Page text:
Feds draft plan to lift protections for gray wolves in lower 48

Feds draft plan to lift protections for gray wolves in lower 48
FILE - In this August 2012 file photo provided by Wolves of the Rockies, the Lamar Canyon wolf pack moves on a hillside in Yellowstone National Park, Wyo. As the progeny of wolves reintroduced to Yellowstone and central Idaho in 1995 and 1996 spread across the West, an accidental experiment has developed. A temporary court order has made Oregon a wolf-safe zone, where wildlife agents are barred from killing wolves that attack livestock. Over the past year, the numbers of wolves has risen to 46 in Oregon, but livestock attacks have remained static. In neighboring Idaho, the number livestock attacks rose dramatically as the numbers of wolves killed by hunters and wildlife agents also increased. (AP Photo/Wolves of the Rockies, File)
BILLINGS, Mont. (AP) — Federal wildlife officials have drafted plans to lift protections for gray wolves across the Lower 48 states, a move that could end a decades-long recovery effort that has restored the animals but only in parts of their historic range.

The draft U.S. Department of Interior rule obtained by The Associated Press contends that roughly 5,000 wolves now living in the Northern Rockies and Great Lakes are enough to prevent the species' extinction. The agency says having gray wolves elsewhere — such as the West Coast, parts of New England and the Southern Rockies — is unnecessary for their long-term survival.

A small population of Mexican wolves in the Southwest would continue to receive federal protections, as a distinct subspecies of the gray wolf.

The document was first reported by the Los Angeles Times.

The U.S. Fish and Wildlife Service said Friday the rule was under internal review and would be subject to public comment before a final decision is made.

If the rule is enacted, it would transfer control of wolves to state wildlife agencies by removing them from the federal list of endangered species.

Wildlife advocates warn that could effectively halt the species' expansion, which has stirred a backlash from agricultural groups and some hunters upset by wolf attacks on livestock and big game herds such as elk.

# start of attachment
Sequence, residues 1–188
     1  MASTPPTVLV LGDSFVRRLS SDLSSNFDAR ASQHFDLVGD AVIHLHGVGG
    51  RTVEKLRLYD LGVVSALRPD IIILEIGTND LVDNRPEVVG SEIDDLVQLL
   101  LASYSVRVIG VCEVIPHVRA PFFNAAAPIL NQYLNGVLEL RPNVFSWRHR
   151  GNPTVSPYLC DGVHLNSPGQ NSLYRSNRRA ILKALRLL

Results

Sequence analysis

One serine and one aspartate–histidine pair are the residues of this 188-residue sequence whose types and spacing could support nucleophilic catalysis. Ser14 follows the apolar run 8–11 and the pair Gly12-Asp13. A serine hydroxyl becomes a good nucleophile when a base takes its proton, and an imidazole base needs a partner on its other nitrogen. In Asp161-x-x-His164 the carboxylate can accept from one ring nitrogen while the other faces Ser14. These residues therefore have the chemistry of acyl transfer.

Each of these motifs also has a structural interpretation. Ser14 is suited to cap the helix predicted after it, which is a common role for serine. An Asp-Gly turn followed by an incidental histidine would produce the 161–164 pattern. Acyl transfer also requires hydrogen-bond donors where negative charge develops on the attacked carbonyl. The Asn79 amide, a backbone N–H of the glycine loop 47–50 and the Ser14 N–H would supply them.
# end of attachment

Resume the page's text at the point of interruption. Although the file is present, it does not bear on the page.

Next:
Some biologists have argued wolves will continue spreading regardless of their legal status. The animals are prolific breeders, known to journey hundreds of miles in search of new territory. They were wiped out across most of the U.S. early last century following a government sponsored poisoning and trapping campaign.

In an emailed statement, the agency pointed to "robust" populations of the animals in the Northern Rockies and Great Lakes as evidence that gray wolf recovery "is one of the world's great conservation successes."

Wolves in those two areas lost protections under the Endangered Species Act over the last two years.

In some states where wolves have recovered, regulated hunting and trapping already has been used to drive down their populations, largely in response to wolf attacks on livestock and big game herds. The U.S. Fish and Wildlife Service recently reported that wolf numbers dropped significantly last year in Wyoming, Idaho and Montana for the first time since they were reintroduced in the mid-1990s.

Federal officials have said they are monitoring the states' actions, but see no immediate threat to their survival.

In Oregon and Washington, which have small but rapidly growing wolf populations, the animals have remained protected under state laws even after federal protections were lifted in portions of the two states.

Between 1991 and 2011, the federal government spent $102 million on gray wolf recovery programs and state agencies chipped in $15.6 million. Federal spending likely would drop if the proposal to lift protections goes through, while state spending would increase.

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Flesher reported from Traverse City, Mich.